External problems and internal dissensions between the king and regional leaders led to the destruction of Shilla as a political entity around 935 AD. Remnants of the old three kingdoms reappeared briefly until unified again, this time by the northern state of Koryo. (The name derives from "Koguryo" and is the root of the modern name "Korea.") The Koryo era (935-1392 AD) was marked by periodic internal dissensions and external (mostly defensive) wars with China, Manchuria, and Japan. But there were also many achievements. In the century of peace following a peace treaty with the Liao of China in 1022 AD, there was a flowering of culture that led to great advances in scholarship and art, particularly in the ceramics industry, which developed the distinctive grey-green celadon stoneware for which Korea is well-known today. Unfortunately, strains between the aristocracy, military, and kings created instability in the 1200s. Invasions by the Mongols after 1231 AD nearly destroyed Koryo, but in the struggle to remove the Mongols, the kings became dominant again, leading eventually to a resurgence of the central government.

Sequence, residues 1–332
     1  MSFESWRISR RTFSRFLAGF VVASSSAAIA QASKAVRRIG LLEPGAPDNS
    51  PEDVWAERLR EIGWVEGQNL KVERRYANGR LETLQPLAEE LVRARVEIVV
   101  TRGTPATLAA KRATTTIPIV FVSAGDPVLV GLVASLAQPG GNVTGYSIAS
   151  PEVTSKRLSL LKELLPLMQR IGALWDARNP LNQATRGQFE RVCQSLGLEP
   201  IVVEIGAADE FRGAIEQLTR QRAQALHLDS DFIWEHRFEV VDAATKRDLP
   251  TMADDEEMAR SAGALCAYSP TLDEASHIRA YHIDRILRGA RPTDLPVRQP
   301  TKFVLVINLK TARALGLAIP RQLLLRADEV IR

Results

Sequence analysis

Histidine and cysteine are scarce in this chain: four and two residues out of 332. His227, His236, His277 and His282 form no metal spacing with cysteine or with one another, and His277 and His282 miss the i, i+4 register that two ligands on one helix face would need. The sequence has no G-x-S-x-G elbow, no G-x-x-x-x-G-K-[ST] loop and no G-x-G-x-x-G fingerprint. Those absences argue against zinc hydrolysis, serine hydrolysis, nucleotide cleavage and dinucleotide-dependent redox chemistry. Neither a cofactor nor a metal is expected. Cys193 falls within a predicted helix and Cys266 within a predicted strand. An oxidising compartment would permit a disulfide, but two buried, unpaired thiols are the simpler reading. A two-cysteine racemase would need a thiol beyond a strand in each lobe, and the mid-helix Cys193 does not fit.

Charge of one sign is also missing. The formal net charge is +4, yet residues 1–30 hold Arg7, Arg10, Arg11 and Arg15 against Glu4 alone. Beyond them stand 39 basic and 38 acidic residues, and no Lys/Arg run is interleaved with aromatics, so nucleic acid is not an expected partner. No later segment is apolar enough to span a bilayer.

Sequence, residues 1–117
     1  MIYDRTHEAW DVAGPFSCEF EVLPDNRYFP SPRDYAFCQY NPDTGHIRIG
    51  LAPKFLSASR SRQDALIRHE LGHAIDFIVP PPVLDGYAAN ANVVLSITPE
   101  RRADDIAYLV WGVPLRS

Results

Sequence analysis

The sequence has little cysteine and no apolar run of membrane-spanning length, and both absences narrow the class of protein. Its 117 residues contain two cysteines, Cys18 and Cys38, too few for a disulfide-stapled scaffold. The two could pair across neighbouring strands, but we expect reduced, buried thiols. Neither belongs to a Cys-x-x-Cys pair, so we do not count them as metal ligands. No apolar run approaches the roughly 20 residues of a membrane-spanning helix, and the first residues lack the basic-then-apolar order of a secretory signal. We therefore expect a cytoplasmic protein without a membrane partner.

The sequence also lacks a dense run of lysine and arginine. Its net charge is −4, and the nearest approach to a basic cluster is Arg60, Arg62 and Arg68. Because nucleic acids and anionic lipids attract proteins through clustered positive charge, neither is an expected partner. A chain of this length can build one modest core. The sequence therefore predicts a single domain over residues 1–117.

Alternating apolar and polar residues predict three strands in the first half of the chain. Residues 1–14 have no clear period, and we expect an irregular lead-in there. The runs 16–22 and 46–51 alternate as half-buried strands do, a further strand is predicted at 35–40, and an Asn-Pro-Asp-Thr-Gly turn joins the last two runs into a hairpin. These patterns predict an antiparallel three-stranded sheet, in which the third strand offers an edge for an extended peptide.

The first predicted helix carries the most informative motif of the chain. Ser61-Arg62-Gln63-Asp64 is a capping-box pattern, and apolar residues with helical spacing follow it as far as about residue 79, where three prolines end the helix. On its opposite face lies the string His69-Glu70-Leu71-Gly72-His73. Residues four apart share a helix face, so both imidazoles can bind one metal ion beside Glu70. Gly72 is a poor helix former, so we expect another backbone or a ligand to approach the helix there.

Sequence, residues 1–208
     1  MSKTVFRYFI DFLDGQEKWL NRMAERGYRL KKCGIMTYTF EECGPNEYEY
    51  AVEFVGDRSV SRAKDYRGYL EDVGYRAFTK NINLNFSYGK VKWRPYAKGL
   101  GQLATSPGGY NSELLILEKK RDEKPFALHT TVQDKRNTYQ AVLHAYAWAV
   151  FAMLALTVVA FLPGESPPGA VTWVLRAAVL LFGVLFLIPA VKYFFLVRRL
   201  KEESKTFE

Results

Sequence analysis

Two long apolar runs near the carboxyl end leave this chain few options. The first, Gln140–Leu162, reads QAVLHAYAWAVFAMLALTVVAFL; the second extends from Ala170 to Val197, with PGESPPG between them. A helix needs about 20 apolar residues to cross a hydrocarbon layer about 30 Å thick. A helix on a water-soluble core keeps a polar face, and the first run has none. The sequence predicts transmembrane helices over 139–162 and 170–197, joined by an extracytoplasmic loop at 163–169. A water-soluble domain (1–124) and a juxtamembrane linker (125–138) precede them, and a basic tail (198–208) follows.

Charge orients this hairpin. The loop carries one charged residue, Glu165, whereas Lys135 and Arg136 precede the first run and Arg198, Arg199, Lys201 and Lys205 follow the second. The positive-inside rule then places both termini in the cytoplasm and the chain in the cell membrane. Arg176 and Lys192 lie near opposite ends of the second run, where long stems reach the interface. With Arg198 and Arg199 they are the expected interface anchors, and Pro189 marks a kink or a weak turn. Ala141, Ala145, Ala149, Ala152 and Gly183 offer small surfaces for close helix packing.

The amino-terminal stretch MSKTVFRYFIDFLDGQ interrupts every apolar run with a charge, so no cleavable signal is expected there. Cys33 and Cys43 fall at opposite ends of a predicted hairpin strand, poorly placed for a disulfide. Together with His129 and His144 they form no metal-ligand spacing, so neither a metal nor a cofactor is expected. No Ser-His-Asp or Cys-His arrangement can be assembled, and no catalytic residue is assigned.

During this time, Europe was still in the Medieval period. The Crusades were fought, and the nuclei of modern states like England, France, and Germany formed.
[ Korea Yesterday ] [ Old Choson Period ] [ The Three Kingdoms ]
HTML code by Chris Kreger
Maintained by ETE Team
Last updated April 28, 2005
Some images © 2004 www.clipart.com
Privacy Statement and Copyright © 1997-2004 by Wheeling Jesuit University/NASA-supported Classroom of the Future. All rights reserved.
Center for Educational Technologies, Circuit Board/Apple graphic logo, and COTF Classroom of the Future logo are registered trademarks of Wheeling Jesuit University.